Login | Register   
RSS Feed
Download our iPhone app
Browse DevX
Sign up for e-mail newsletters from DevX

By submitting your information, you agree that devx.com may send you DevX offers via email, phone and text message, as well as email offers about other products and services that DevX believes may be of interest to you. DevX will process your information in accordance with the Quinstreet Privacy Policy.

Tip of the Day
Language: Java Language
Expertise: Beginner
May 13, 1997



Application Security Testing: An Integral Part of DevOps

How can I create an array of references to objects?

I would like to create an array of references to objects. In a previous question you mentioned that the Java asignment "objectX=objectY" does not create a copy of objectX and then assign it to objectY; instead, it just points objectY to the same object as objectX. class FooArray { Object myRefArray[]; public FooArray(Object x, Object y, Object z) { myRefArray= new Object[3]; myRefArray[0]=x; myRefArray[1]=y; myRefArray[2]=z; } } ?

If I call FooArray.myRefArray[0].changeName("Mo") , is it the same as if I called x.changeName("Mo") (where x is the object with which I constructed FooArray)?

First some background:

Unlike C++, all Java objects reside on the heap, and all references to objects are implicit pointers to the heap that are automatically dereferenced. This makes generalization and specialization easy in Java. For example, assume the following classes and variables have been declared:

class Surface { ... }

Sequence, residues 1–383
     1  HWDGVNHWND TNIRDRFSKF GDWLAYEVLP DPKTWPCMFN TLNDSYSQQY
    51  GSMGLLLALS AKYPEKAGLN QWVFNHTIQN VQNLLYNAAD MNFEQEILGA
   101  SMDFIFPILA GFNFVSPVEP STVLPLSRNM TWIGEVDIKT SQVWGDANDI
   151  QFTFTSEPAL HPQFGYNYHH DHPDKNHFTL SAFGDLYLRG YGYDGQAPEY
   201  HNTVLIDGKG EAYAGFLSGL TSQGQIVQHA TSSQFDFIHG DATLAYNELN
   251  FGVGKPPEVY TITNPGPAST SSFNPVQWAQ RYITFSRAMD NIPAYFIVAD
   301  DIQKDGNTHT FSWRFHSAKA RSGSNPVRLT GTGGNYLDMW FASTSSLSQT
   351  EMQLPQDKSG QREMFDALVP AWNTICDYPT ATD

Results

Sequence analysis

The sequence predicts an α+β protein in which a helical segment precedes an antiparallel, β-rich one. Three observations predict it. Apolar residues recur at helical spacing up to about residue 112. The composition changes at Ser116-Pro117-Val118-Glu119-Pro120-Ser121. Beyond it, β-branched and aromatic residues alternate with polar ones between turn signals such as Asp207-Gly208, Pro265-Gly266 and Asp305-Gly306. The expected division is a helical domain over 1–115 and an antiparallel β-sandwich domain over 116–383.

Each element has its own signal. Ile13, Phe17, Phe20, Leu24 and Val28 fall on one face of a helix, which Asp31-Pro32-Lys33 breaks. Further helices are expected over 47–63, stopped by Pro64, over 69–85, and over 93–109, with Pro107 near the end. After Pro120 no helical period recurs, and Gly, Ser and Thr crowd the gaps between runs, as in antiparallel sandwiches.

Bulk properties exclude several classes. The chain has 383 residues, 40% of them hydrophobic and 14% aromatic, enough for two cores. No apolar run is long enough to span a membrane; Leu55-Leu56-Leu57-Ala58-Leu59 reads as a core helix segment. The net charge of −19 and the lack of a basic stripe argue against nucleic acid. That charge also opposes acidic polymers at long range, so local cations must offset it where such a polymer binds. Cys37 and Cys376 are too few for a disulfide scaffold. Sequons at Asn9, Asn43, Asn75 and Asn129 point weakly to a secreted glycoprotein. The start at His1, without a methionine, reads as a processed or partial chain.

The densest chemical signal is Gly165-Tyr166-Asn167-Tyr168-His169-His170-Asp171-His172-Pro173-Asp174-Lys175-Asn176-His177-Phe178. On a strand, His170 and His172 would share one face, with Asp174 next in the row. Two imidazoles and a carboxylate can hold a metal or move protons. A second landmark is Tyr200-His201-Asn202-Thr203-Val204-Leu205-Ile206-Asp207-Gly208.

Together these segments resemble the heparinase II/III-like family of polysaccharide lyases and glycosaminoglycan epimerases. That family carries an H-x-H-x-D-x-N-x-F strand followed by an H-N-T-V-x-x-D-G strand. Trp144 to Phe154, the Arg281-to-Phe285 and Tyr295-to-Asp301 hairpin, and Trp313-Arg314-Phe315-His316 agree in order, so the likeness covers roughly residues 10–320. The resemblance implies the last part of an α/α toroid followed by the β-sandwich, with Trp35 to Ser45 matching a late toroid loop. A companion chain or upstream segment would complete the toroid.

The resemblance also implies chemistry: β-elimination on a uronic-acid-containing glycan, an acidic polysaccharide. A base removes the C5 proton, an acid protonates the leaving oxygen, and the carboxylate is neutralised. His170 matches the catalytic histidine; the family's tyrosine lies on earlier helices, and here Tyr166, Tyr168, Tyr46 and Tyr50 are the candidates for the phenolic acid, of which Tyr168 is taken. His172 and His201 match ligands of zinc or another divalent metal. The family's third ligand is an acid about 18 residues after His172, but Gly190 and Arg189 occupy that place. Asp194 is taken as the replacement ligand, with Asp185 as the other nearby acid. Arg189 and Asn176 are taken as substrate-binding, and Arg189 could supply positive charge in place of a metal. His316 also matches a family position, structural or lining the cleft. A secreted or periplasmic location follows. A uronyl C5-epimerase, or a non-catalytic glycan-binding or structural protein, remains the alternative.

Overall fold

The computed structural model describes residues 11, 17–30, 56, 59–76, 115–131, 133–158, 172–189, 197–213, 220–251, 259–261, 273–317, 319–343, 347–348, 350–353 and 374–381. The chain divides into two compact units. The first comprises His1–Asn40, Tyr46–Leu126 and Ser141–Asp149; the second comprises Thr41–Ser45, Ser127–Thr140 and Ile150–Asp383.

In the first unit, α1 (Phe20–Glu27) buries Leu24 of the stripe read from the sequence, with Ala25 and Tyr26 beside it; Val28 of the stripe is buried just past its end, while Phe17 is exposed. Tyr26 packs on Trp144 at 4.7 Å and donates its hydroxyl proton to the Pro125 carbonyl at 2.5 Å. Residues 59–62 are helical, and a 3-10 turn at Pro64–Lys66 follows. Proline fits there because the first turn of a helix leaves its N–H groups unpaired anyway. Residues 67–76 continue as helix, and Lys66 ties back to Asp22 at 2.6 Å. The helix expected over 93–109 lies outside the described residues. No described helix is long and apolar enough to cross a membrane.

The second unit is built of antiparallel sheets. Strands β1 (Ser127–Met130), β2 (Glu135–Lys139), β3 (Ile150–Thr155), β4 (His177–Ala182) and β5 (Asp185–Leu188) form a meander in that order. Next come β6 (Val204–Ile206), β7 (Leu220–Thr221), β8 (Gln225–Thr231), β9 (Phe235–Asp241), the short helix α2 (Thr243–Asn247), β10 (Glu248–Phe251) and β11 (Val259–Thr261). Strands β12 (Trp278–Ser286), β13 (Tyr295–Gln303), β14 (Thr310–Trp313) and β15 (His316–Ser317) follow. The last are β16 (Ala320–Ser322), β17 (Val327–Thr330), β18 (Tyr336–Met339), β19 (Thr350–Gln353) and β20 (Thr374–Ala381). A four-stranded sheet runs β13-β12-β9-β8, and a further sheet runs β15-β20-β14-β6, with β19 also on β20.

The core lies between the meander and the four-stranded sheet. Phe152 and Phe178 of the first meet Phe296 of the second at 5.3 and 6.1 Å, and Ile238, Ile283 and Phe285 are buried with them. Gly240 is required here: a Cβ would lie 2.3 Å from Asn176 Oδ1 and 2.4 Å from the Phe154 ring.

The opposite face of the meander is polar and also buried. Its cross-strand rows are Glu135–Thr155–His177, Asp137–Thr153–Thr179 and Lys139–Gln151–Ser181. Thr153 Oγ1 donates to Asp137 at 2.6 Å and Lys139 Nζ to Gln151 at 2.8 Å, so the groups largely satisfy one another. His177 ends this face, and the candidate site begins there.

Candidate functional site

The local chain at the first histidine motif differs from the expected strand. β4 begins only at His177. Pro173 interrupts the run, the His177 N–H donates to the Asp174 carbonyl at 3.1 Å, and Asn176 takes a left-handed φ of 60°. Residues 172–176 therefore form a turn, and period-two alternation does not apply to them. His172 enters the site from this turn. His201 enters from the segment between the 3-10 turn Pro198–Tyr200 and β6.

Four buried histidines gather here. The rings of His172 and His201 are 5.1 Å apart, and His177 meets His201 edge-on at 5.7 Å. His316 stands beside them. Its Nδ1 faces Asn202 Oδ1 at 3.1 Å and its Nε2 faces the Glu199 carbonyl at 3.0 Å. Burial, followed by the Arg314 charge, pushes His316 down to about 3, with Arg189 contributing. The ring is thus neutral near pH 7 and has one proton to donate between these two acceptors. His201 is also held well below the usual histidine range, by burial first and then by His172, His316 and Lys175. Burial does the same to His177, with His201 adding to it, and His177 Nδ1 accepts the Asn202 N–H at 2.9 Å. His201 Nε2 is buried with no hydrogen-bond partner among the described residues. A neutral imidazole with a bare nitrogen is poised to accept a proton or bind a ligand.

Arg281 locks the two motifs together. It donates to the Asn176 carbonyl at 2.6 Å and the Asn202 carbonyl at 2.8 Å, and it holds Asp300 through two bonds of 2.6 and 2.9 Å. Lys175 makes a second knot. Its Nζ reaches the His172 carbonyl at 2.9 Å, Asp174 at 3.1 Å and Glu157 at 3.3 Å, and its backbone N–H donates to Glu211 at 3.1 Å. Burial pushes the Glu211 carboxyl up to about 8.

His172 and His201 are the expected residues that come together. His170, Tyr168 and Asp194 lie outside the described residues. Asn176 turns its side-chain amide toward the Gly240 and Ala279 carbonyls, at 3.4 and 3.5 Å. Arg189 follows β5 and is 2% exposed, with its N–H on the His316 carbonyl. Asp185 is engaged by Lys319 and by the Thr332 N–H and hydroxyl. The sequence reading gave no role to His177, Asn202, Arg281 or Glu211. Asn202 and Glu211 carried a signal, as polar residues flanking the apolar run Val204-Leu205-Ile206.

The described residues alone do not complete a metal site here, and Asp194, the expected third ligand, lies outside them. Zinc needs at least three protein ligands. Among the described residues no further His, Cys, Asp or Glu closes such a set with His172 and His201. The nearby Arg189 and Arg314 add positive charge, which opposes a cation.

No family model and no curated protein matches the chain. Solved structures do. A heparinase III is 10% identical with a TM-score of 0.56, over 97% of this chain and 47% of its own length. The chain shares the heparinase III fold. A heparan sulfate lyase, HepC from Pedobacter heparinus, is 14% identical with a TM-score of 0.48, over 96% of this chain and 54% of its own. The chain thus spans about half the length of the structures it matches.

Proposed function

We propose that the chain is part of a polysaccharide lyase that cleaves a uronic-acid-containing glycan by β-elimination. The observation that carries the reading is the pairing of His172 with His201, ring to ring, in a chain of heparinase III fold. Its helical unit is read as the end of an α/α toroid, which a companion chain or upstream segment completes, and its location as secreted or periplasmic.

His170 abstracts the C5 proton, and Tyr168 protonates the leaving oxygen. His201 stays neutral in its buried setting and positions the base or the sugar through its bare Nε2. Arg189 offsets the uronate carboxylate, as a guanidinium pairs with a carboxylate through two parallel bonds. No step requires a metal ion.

class Sphere extends Surface { ... }

   Surface x;
   Sphere u, v;
The Surface and Sphere pointers have the same size, which makes the following assignments legal:
   x = u;           // generalization
   v = (Sphere) x;  // specialization
Unfortunately, pointer semantics in an imperative language like Java can lead to aliasing nightmares. For example, because x, u and v are all aliases of the same object:
 u.radius = 2 * u.radius;
doubles the radius of v!

Java's pointer semantics extend beyond assignments. For example, object parameters are passed by reference, so the local reference to u in the function call:

v = doubleRadius(u);
is also an alias for u.

If the definer of Sphere was good enough to implement the Clonable interface, override the protected clone method inherited from Object, or provide a copy constructor, then of course we could produce distinct copies of u:

v = u.clone();  // v != u
v = new Sphere(u); // v != u
Unfortunately, we can't implement our own copy function because we may not have access to all the members of the Sphere class.

JDK1.1 offers a solution to this problem. Object streams are object containers that allow us to read and write an object to a file without losing the relationships between the object and its members and generalizations. The following fragment turns a file named "tmp" into an object container, writes u into it, then reads it back into v:

FileOutputStream out = new FileOutputStream("tmp");
   ObjectOutputStream  sout = new ObjectOutputStream(out);
   FileInputStream in = new FileInputStream("tmp");
   ObjectInputStream sin = new ObjectInputStream(in);
   v = (Sphere)sin.readObject();   // v != u

(Of course this code works only if Sphere implements
the Serializable interface, which all JDK 1.1 objects
Note: there is an example in the book Core Java by Cay Horstmann and Gary Cornell (SunSoft Press/Prentice-Hall) of how JDK 1.0 programmers can implement persistent storage. Also, maybe Object stream APIs can be added to JDK 1.0.2.

The short answer to your question is yes, FooArray.myRefArray[0] is an alias for x. Without extending Object by a clonable subclass, your options are to create a clonable extension of Object, or write x to an Object stream, then read it back into your array.

DevX Pro
Comment and Contribute






(Maximum characters: 1200). You have 1200 characters left.



Thanks for your registration, follow us on our social networks to keep up-to-date